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Saturday, July 10, 2010

Immigration and the Bible (6)

Hey, long time, no blog, eh?  I've been busy.  But it's time to bring this series to a close.  But that's for the next post, in which I suggest some ways that we might apply to our situation the Scriptures we've been looking at.

Today I want to look briefly at one other essential element to our immigration situation as the Bible sees it.  It isn't as long because unlike previous posts it isn't really about immigration.  It's about getting along with government in general.

When Judah was eliminated as a sovereign nation (rather, as a client-state of Babylon) and its people deported, this was the first time since the exodus that the people of God had to live in a godly way toward a state that wasn't its own and did not respect the true God even in theory.  Daniel, Esther, Ezra, and Nehemiah each depict this challenge one way or another.  What they all show is a manner of living that respects the ungodly government greatly, with total fidelity to its authority and laws, except when the government would compel Jews to disobey God directly.  Even when the Jews were threatened in some ways, the Jews would endeavor to get out of the jam through authorized, governmental means as far as they could.

The theological basis for this practical approach is described in Daniel's visions.  Two principles stand out.  First, no matter how wicked and unjust a government is, it is not to be defied except in obedience to God, because God is the one who put it there—"The Most High is ruler over human kingdoms and gives them to whomever he wishes" (Dan. 4:32).  Therefore, to rebel against the state is to rebel against God.  Second, every government is transitory, because God's kingdom will put an end to them all.  So submission now, no matter how painful, is possible because it is temporary.  Life goes on for those who will inherit the kingdom of God (Dan. 7:27).

The Jewish diaspora mindset was carried on in exactly the same fashion by the early Christians.  Hopefully I don't need to demonstrate that the believers in Christ had hope that they were inheriting a permanent kingdom with Christ.  But the Christians also obeyed the idolatrous Roman government because they believed that God had established it.  The two most substantial passages that discuss this are Romans 13:1-7 ("Let every person be subject to the governing authorities . . . [f]or there is no authority except by God's appointment, and the authorities that exist have been instituted by God") and 1 Peter 2:13-17 ("Be subject to every human institution for the Lord's sake"), but we can also see Jesus' comments about giving to Caesar what is Caesar's in this light.  Because the government is established by God, it is to be regarded as his messenger whether it does its job of doing justice or not.  So obeying the state is obeying God and disobeying the state is disobeying God unless the will of the state and the will of God directly conflict.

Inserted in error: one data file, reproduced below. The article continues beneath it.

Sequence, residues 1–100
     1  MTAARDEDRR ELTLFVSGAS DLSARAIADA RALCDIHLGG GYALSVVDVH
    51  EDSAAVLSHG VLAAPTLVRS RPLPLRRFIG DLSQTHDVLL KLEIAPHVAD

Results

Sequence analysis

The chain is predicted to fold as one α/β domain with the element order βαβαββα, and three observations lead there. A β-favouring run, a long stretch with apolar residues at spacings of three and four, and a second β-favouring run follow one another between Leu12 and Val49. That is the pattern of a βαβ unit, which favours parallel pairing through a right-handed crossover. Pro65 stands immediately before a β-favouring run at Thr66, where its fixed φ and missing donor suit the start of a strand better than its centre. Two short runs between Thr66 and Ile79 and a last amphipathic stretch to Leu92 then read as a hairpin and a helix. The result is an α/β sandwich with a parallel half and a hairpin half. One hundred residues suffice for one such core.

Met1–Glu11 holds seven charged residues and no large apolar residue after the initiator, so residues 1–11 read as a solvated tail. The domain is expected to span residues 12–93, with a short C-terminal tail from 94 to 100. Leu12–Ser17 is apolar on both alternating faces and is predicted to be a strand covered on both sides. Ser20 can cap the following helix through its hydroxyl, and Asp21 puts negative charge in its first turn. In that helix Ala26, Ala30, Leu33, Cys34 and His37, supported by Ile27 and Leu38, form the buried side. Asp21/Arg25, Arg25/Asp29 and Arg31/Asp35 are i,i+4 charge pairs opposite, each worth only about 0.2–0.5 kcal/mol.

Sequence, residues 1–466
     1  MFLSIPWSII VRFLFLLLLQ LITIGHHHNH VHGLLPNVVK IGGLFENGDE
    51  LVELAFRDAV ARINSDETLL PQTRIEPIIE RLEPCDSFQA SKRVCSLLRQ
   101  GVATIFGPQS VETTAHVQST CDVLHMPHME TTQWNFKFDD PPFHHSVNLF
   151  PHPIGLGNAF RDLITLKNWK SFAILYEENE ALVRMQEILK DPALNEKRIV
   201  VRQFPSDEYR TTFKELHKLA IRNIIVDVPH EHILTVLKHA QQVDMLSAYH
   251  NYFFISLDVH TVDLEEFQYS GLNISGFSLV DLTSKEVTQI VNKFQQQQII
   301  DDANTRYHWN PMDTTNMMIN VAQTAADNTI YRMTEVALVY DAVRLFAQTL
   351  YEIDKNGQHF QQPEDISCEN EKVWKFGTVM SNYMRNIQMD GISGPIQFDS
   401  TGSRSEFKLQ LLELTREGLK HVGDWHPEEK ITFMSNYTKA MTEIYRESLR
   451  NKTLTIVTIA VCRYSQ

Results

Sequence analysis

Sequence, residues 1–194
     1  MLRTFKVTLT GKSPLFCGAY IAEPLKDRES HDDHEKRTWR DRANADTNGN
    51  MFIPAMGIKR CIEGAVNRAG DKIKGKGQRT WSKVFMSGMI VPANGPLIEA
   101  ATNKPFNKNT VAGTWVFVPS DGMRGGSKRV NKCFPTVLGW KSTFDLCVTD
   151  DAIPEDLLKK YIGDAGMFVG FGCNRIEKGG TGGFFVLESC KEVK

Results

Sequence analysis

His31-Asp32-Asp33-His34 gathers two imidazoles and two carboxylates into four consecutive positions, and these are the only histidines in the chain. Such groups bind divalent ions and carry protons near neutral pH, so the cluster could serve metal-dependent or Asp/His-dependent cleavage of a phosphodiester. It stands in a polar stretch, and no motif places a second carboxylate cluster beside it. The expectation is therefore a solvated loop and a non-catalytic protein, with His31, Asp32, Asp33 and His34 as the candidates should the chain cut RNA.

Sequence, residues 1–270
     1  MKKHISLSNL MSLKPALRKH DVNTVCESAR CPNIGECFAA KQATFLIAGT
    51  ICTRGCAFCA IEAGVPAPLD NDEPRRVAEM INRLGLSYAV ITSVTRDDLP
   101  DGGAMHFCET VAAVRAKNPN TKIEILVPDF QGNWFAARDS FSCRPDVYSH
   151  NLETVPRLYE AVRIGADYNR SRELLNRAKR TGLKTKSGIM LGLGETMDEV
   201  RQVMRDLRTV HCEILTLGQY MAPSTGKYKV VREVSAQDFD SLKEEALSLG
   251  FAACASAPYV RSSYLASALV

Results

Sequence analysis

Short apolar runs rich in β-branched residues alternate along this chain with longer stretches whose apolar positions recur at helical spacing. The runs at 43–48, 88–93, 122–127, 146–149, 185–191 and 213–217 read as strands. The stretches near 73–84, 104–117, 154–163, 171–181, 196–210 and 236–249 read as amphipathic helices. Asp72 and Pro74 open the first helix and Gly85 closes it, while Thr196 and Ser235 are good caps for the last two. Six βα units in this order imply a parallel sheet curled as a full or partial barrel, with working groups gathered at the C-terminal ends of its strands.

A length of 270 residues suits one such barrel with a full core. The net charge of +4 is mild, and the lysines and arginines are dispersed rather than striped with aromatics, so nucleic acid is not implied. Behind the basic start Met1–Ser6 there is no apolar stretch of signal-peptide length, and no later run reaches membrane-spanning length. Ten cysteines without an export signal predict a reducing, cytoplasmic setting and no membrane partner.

Indeed, the Bible frequently describes sin as "lawlessness" (1 John 3:4 is one of many examples).  There is a parallel between a life that neglects God's law and one that neglects the law of the state.  Dismissively blowing off one authority easily leads into blowing off another.
For the grace of God has appeared, bringing salvation to all people.  It trains us to reject godless ways and worldly desires and to live self-controlled, godly, and upright lives in this present age, as we wait for the happy fulfillment of our hope in the glorious appearing of our great God and Savior, Jesus Christ.  He gave himself for us to set us free from every kind of lawlessness and to purify a people who are truly his, who are eager to do good (Tit. 2:11-14).
It is because of God's severe concern about lawlessness that I am very concerned about disciples of Jesus Christ who are living in this country (or in any country) as illegal immigrants.  Of course the law applies to all people, Christian or not, but to a certain extent I expect unbelievers to break the law if it suits them because without Christ they are by nature lawless already.  But we Christians are called by God to obey him and to obey the authorities he has established, even if the laws they pass are unjust.  It is deeply disturbing that some would ignore this.  Surely God requires our civil disobedience if to comply is to disobey God.  But I fail to see how living in America illegally is that kind of situation.

In this blog series I, a native-born American, have strongly urged the native-born Americans who read me toward a position of compassion toward and solidarity with immigrants.  I sincerely hope that likewise immigrant pastors have strongly urged illegal congregants they may have to return to their home countries in compliance with the law.  I am somewhat concerned about the impact of illegal immigration on America, but I am very concerned about the impact of illegal immigration by Christians on their spiritual health and on the godly witness of the Church to the world.

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